Have Saint Lucian students regained their voice?

“For Us, BY Us”: Taking their future into their own hands, the National Students’ Council (NSC) body.

“For Us, BY Us”: Taking their future into their own hands, the National Students’ Council (NSC) body.

There was once upon a time a certain vibrancy among student councils in Saint Lucia, which gave a sense of pride and confidence to many secondary school students. Along the way however, something killed it! Many have pondered on the reasons for this with some pointing fingers local politics for infiltrating the National Youth Council, which oversaw the running of local student councils. Naturally this has been denied by many a NYC leader, but the records show that many have found themselves smack in the belly of the political beast.

On Friday November 15 however there seemed to be little apprehension and more optimism when the National Students’ Council (NSC) in conjunction with the National Youth Council (NYC) presented the National Students’ Council Conference at the Marigot Secondary School Auditorium.  All secondary schools were in attendance on the day with the exception of the Entrepot Secondary.

According to Mr. Marius James, Field Officer for the NYC, the aim of the National Students’ Conference was “to put in place a structure for the National Students’ Council, and to bring out its mandate”.

“This was necessary because in the past there was a very active National Students’ Council, but it had been inactive for some time. “After a seven-year hiatus, it was realized that secondary school students needed a channel by which they could voice their issues and concerns.  In order to do so effectively, the NYC embarked firstly on visiting all secondary schools, and ensuring that they all had vibrant Students’ Councils. After accomplishing this, it was then possible to bring all these Councils together and ultimately elect an executive body, for effective decision-making, that would intern influence students like themselves in a positive manner.”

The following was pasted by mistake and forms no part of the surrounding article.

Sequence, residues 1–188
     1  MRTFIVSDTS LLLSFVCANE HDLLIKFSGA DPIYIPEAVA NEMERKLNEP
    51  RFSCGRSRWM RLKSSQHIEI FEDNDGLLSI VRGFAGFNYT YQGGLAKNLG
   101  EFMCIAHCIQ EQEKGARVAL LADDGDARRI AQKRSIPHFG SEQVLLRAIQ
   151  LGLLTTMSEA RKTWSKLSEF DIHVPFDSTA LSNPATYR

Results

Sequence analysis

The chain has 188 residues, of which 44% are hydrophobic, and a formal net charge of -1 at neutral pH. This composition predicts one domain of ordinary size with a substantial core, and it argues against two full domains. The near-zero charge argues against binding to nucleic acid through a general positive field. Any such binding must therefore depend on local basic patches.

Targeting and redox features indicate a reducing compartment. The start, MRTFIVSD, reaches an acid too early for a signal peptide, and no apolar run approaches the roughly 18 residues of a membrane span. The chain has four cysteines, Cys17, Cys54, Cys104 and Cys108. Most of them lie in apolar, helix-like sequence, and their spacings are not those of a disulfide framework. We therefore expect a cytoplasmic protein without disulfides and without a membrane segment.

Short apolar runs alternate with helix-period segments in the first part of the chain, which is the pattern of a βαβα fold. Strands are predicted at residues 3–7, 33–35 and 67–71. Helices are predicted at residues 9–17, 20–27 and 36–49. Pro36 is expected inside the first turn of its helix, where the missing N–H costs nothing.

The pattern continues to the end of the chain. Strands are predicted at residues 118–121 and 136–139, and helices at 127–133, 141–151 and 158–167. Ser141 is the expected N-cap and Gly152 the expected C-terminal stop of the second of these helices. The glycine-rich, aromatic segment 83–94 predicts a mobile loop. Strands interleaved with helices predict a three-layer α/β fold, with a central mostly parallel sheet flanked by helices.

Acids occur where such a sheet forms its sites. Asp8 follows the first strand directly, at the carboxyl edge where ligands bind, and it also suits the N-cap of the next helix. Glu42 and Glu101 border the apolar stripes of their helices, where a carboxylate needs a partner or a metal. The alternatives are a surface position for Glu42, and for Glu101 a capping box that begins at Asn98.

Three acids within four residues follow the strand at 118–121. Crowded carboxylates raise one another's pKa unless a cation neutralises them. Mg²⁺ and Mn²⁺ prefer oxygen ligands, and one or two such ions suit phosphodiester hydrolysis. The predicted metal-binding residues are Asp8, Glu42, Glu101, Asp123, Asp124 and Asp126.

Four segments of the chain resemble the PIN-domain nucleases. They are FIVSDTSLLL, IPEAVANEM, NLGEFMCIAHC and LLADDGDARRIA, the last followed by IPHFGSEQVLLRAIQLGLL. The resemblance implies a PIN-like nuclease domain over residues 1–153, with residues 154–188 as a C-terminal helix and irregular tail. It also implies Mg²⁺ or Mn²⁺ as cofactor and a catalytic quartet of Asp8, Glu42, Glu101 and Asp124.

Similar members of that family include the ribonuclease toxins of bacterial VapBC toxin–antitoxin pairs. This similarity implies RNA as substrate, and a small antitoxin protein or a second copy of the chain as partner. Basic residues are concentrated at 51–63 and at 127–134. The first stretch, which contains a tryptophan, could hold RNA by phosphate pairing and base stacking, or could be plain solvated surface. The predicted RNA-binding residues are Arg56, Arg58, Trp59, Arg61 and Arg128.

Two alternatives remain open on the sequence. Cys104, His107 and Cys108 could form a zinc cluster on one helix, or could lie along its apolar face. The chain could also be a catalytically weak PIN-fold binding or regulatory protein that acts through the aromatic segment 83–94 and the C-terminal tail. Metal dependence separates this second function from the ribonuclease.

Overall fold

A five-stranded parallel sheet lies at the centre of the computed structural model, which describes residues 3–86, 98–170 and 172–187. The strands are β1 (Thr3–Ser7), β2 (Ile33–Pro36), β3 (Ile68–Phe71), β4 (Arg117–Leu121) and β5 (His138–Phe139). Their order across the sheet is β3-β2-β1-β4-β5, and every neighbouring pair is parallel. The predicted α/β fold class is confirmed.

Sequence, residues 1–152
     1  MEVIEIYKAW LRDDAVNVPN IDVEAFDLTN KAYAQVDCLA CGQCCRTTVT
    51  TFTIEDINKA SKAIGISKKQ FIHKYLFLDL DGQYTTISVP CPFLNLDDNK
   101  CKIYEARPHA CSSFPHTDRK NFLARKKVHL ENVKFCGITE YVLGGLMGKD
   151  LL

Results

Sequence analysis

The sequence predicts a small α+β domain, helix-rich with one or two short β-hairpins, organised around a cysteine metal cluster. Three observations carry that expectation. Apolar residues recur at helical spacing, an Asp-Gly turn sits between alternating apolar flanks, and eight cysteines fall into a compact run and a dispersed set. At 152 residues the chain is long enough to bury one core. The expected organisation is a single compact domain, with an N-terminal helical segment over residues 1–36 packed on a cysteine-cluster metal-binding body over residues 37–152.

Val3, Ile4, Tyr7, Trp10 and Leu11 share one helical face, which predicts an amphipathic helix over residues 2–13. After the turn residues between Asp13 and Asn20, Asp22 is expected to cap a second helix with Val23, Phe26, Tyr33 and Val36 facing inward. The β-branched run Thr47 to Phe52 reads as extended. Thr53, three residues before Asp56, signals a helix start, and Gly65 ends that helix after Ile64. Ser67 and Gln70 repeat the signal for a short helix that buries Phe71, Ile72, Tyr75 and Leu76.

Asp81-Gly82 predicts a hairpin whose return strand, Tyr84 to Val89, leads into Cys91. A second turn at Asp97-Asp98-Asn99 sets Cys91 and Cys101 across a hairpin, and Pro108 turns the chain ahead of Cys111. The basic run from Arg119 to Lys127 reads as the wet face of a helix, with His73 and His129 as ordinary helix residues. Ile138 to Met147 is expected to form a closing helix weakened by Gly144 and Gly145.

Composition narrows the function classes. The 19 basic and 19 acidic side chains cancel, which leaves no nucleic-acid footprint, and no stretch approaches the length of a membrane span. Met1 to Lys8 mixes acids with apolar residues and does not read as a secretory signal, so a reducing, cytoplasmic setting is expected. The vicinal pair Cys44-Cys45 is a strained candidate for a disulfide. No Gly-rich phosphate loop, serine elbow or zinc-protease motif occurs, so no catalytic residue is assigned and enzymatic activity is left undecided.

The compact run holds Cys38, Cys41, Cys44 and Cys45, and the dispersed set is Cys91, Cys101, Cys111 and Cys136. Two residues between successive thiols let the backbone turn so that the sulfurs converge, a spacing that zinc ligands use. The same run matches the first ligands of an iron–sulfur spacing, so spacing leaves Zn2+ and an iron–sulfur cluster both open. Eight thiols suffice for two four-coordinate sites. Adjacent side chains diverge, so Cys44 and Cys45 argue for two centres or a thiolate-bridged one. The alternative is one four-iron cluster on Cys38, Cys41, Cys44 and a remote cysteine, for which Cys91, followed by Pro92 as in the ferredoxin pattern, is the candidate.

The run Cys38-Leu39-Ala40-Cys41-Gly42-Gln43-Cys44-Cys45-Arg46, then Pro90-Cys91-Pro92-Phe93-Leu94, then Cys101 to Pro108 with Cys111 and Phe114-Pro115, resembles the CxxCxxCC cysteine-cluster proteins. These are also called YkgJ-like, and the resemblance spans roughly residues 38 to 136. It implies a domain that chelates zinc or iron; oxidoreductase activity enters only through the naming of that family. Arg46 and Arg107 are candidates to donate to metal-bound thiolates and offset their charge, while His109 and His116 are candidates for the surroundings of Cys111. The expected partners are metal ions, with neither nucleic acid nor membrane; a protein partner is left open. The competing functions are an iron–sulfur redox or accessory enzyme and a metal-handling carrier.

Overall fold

Mr. James continued by stating that the main challenge encountered by the NYC in this venture, was that “due to the secondary schools’ mandates and the NSC’s constitution being different, the NSC’s constitution had to be changed.”

In terms of the positives, he applauded “the cooperation and support of teaching staff of all secondary schools, towards the revitalization of Students’ Councils in their schools.

The day certainly belonged to the students, who had the honour of conducting all of the proceedings. The activity, which promoted a “For Us, By Us” philosophy, was designed to encourage interaction and discussion among them, in deciding the way forward for the Council.  There was another short presentation outside for the teachers who had accompanied the students, and for the remainder of the day, they simply observed and assisted the students when necessary.

In order to accomplish the aim of the conference, the main activity of the day was to appoint the executive for the NSC. Due to its reform, an interim executive was elected in February of this year. Following past customs, that the executive be changed every November, this interim executive did not get to serve the expected full term of one year. Nevertheless, they had nothing but positives to highlight about their experience, although it was a shortened tenure.

With a new executive for the NSC  now elected, the representatives and their respective posts are as follows: President – Princess Joseph (St. Joseph’s Convent);

Vice-President (Districts 1-4) – Jaden Joseph (St. Mary’s College); Vice-President (Districts 5-8) – Trona Constable (Vieux Fort Comprehensive Secondary School); General Secretary – Ajani Lebourne (Vieux Fort Comprehensive Secondary School);

Assistant Secretary -Rakym Charlemagne (Leon Hess Secondary School); Treasurer Jedda Alcee (St. Joseph’s Convent); Public Relations Officer, Perdita Francis (St. Joseph’s Convent).

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